Mindfulness training for seniors (MBCAS)

Keller, B. Z., Singh, N. N., & Winton, A. S. (2013). Mindfulness-Based Cognitive Approach for Seniors (MBCAS): Program Development and Implementation. Mindfulness, 7. Full text.

A number of cognitive interventions have been developed to enhance cognitive functioning in the growing population of the elderly. We describe the Mindfulness-Based Cognitive Approach for Seniors (MBCAS), a new training program designed especially for seniors. It was conceived in the context of self-development for seniors who wish to enhance their relationship with their inner and outer selves in order to navigate their aging process more easily and fluently.

Physical and psychosocial problems related to aging, as well as some temporal issues, were taken into account in developing this program. Unlike clinically oriented mindfulness-based programs, which are generally delivered during an 8-week period, the MBCAS training program is presented over a period of 8 months. The main objectives of this program are to teach seniors to observe current experiences with nonjudgmental awareness, to identify automatic behaviors or reactions to current experiences that are potentially nonadaptive, and to enhance and reinforce positive coping with typical difficulties that they face in their daily lives.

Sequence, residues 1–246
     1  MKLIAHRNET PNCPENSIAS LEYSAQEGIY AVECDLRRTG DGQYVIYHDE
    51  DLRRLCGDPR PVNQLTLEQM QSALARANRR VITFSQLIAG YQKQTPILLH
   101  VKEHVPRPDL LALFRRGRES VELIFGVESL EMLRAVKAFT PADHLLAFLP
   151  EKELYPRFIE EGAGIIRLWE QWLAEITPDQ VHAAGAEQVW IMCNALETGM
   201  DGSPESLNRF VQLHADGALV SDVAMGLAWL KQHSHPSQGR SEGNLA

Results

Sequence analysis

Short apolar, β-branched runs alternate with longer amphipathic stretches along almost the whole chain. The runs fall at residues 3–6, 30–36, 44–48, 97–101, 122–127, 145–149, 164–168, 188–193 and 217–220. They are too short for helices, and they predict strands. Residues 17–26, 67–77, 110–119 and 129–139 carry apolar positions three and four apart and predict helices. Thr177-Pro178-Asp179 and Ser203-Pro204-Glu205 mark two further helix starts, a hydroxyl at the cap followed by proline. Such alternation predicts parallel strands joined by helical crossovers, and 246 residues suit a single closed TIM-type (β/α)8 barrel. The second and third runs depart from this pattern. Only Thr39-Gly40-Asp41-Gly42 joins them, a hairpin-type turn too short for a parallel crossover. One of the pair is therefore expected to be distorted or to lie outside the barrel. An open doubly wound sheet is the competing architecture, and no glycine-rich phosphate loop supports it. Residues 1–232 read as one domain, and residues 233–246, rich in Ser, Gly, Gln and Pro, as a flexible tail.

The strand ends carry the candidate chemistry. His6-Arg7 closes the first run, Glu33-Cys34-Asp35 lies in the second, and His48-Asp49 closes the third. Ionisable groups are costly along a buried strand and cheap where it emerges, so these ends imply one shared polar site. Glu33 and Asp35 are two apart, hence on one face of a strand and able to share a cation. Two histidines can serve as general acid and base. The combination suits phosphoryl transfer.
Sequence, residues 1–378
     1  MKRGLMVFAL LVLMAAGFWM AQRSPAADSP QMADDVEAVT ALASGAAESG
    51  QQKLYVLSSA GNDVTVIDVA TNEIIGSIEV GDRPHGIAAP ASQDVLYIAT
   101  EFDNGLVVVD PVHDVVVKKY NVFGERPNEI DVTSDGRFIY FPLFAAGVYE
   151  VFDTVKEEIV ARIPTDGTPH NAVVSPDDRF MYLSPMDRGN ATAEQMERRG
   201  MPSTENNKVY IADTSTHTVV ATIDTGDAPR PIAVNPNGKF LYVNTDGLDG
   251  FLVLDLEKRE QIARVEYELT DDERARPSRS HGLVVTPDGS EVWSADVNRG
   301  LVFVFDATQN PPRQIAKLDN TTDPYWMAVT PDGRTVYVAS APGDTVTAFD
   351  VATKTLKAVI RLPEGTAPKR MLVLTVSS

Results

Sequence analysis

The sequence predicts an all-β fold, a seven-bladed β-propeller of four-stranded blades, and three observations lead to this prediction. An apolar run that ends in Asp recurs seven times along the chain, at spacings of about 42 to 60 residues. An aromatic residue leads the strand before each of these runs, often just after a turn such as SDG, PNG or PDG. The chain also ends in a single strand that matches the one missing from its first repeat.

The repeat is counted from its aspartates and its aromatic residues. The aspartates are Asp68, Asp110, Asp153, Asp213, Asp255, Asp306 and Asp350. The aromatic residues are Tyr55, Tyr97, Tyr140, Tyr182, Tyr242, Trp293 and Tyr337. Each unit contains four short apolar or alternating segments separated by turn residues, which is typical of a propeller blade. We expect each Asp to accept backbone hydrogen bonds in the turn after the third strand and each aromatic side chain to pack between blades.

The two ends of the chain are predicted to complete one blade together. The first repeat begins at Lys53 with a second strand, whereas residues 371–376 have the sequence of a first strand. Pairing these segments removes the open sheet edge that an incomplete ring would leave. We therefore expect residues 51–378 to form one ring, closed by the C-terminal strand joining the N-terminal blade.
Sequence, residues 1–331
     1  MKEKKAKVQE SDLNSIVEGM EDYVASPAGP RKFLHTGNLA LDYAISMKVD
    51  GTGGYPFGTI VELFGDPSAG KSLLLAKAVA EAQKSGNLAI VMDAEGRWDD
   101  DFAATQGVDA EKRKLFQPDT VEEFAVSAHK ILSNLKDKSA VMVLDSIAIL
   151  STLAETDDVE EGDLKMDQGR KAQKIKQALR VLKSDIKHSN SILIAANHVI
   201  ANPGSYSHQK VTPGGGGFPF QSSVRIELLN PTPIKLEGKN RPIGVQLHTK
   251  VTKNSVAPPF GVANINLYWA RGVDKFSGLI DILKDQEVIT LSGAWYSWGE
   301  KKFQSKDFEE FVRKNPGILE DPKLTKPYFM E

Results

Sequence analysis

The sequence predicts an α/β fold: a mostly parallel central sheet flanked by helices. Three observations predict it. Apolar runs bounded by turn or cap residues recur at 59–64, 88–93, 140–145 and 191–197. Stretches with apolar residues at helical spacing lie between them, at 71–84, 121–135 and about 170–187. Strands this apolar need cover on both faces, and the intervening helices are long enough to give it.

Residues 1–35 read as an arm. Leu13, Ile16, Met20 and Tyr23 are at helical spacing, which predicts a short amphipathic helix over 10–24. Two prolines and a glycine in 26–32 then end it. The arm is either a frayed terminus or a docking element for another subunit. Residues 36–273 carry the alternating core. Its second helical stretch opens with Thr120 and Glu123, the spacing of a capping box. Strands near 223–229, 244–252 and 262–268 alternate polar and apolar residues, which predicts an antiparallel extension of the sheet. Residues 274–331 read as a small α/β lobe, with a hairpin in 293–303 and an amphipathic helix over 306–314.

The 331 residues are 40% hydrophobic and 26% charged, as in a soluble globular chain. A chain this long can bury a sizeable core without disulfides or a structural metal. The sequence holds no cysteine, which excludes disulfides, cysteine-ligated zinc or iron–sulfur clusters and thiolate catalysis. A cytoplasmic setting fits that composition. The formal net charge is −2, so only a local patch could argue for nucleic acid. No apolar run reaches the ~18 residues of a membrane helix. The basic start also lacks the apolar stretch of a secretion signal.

Details of the program development and initial implementation are presented, with suggestions for evaluating the program’s effectiveness.

Measured effect of Himalayan singing bowl

Landry, J. M. (2013). Physiological and Psychological Effects of a Himalayan Singing Bowl in Meditation Practice: A Quantitative Analysis. American Journal of Health Promotion. From the Abstract.

Purpose.  To determine the physiological and psychological effects of adding a Himalayan singing bowl (HSB) to a directed relaxation (DR) session.

Subjects.  Fifty-one participants completed two randomly assigned sessions beginning with either 12 minutes of HSB or silence, followed by a 20-minute DR session.

Measures.  Blood pressure (BP), heart rate (HR), Positive and Negative Affect Schedule (PANAS) scores measured before and after both sessions.

Results.  Fifty-one participants completed both sessions. There was a greater decline in systolic BP and HR with HSB compared to silence prior to DR. Changes in diastolic BP were greater with HSB, with a nonsignificant trend. Hypertensive subjects had similar and significant BP changes with HSB and silence when compared to normotensive subjects).